elephant care

The Elephant Has Come!

A couple of days ago I was upstairs getting dressed, deciding between my new Indian outfits, when I suddenly heard my mother-in-law shouting from downstairs, “The elephant has come! The elephant has come!” She was calling my kids to go see the elephant and I had no idea what she meant, so I threw on the easiest clothes I could find and hurried downstairs.

Indeed the elephant had come.

Once or twice per year, the elephant handlers from the neighboring town’s Muslim temple walk the elephant around to collect donations for the elephant’s maintenance. They walk through neighborhoods and when people hear the elephants’ bells they know the elephant is coming.

The elephant handlers collect donations of paddy (rice plants), coconuts, and money. They use the grassy part of the paddy to feed the elephant and the rice from the paddy to feed themselves and the elephant. The coconuts are for the handlers. The money is used to buy food for the elephant and to cover medical expenses.

By the time I got downstairs, a giant elephant was entering my in-laws’ front gate. We met her on the driveway.

My kids were simultaneously excited and scared. They fed the elephant a couple of bananas. Our driver gave her a palm leaf that she picked up and used to fan the flies off of her, then she stripped the leafy parts off and ate them.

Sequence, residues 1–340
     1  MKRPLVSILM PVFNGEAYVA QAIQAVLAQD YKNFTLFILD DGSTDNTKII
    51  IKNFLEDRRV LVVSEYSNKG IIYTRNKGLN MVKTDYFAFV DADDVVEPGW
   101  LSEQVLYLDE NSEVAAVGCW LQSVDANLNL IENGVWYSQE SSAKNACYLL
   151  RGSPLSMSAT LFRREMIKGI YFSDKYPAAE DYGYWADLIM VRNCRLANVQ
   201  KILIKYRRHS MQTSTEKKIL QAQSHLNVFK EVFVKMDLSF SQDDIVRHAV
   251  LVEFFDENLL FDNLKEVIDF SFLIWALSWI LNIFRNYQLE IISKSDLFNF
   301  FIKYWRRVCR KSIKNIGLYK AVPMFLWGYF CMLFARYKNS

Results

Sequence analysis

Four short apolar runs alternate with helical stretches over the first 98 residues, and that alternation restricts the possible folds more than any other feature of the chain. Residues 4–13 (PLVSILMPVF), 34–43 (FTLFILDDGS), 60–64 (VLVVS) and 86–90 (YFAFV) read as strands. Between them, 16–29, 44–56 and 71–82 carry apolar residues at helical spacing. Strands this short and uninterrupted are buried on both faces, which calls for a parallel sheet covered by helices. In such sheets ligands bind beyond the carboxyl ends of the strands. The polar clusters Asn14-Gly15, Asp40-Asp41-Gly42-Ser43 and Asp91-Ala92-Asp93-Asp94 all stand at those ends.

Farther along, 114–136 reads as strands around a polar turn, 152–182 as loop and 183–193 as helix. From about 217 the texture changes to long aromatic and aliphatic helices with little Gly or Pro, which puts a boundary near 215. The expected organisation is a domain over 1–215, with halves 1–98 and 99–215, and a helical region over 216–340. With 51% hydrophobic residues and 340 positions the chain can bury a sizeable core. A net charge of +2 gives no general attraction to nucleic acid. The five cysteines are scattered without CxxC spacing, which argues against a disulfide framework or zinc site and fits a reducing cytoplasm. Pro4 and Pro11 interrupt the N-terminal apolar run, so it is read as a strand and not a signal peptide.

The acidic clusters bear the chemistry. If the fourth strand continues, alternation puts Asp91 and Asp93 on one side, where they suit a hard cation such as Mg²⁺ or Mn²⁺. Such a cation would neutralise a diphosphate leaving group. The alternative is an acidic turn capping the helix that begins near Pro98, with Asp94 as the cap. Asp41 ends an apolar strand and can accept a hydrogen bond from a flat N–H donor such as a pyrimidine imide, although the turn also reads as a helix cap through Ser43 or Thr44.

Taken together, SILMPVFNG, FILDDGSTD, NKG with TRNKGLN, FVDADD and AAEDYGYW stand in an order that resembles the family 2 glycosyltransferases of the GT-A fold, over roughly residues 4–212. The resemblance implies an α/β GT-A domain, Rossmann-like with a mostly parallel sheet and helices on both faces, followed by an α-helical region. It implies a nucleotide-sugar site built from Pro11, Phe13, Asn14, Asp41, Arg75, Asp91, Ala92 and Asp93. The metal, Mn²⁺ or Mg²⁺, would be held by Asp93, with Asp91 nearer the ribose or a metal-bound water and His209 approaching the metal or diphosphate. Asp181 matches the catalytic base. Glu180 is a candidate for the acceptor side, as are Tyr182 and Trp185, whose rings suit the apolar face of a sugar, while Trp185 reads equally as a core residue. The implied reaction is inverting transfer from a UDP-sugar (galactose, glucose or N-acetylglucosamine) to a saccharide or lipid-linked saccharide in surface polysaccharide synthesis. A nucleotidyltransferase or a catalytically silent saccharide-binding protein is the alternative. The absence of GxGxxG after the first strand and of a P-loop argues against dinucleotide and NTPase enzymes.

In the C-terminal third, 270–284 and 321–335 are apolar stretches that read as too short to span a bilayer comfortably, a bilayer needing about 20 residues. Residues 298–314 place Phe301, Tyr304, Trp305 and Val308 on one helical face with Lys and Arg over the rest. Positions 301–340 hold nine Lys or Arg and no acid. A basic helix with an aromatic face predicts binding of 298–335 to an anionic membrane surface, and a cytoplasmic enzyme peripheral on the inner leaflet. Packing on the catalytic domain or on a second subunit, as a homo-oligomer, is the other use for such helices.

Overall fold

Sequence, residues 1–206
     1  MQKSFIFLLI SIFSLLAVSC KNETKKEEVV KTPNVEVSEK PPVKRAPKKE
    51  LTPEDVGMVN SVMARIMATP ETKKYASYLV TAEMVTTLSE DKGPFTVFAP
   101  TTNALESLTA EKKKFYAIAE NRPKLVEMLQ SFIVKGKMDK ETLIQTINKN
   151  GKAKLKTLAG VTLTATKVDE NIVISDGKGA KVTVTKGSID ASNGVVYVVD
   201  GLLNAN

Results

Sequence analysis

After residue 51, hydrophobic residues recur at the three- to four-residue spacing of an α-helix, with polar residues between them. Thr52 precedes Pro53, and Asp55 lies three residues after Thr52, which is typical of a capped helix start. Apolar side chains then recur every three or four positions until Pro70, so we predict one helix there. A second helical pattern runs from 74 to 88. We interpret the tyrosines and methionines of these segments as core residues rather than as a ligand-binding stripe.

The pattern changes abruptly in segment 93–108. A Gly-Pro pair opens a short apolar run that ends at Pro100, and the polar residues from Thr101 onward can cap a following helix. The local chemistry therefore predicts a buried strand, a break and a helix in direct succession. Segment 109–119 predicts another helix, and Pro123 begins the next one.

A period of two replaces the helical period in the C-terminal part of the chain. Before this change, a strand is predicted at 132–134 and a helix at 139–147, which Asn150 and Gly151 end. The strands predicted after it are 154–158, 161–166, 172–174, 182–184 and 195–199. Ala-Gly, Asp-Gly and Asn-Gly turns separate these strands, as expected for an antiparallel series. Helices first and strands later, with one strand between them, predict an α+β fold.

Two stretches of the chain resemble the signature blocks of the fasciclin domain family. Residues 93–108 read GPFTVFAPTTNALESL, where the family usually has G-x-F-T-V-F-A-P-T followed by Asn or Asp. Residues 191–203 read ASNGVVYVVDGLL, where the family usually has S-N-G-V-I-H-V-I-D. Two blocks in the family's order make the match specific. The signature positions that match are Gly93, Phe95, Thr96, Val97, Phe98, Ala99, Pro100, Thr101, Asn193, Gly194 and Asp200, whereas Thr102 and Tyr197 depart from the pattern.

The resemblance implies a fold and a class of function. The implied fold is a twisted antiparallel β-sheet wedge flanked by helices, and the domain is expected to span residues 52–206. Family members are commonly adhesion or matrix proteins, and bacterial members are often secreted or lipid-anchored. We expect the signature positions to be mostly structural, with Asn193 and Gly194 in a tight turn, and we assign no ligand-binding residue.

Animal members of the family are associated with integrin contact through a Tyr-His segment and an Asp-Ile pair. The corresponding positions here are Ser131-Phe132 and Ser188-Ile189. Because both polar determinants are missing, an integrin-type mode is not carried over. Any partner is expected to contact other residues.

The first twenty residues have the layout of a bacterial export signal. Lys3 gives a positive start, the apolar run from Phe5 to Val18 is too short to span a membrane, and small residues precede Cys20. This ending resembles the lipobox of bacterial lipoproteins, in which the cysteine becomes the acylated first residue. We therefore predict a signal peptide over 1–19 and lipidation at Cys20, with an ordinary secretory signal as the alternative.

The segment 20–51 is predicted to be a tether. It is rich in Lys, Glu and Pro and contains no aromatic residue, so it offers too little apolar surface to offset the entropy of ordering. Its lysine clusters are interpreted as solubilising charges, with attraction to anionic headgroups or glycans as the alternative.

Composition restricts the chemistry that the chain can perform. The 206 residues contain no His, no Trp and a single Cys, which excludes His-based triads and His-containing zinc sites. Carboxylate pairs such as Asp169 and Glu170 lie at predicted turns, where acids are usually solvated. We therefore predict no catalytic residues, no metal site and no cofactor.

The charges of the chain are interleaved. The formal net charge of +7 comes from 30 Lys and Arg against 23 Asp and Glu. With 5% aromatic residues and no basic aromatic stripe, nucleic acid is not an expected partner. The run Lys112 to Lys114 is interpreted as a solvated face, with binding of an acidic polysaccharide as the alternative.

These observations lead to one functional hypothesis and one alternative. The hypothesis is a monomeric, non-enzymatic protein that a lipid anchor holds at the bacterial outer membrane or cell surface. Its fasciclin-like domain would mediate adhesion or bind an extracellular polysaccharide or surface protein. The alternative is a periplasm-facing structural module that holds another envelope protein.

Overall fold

They offered to let my kids ride her, but they were too scared to try. The elephant blessed my mother-in-law by raising its trunk to the top of her head.

The elephant hung around for about 10 more minutes while we chatted with the handlers. My in-laws agreed to let the elephant come back later to drink water. Then the elephant and her handlers went across the street to rest for a couple of hours in the shade of the trees at a small Hindu temple.

Sometime later the handlers came back to speak with our watchman, who then spoke with my in-laws, and they decided to allow the elephant to bathe at our house. This is not a small commitment, as the water has to be pumped from the ground into the house’s water tanks, and it was likely that the elephant’s bath would empty the tanks, leaving us without water for ourselves.

Bathtime was scheduled for 3:00 p.m., so we cancelled our hiking plans and stayed home to watch the elephant’s bath.

Coincidentally, my husband’s cousin was also scheduled to come over at 3:00 for her bridal photoshoot (my in-laws have a gorgeous garden that was once used as the setting for a Bollywood film). But in India, 3:00 p.m. doesn’t actually mean 3:00 p.m., and no one seemed worried that the elephant and the bride would show up at the same time.

But of course, that’s what did happen. The bride looked gorgeous and the elephant handlers couldn’t wait around for the photoshoot to finish, as they had to be on their way to collect more donations.

So instead of watching the elephant’s bath, we watched as the bride modeled 4 beautiful sarees and chudidars. I’m certain her photos will be stunning, and I feel honored to attend her wedding tomorrow.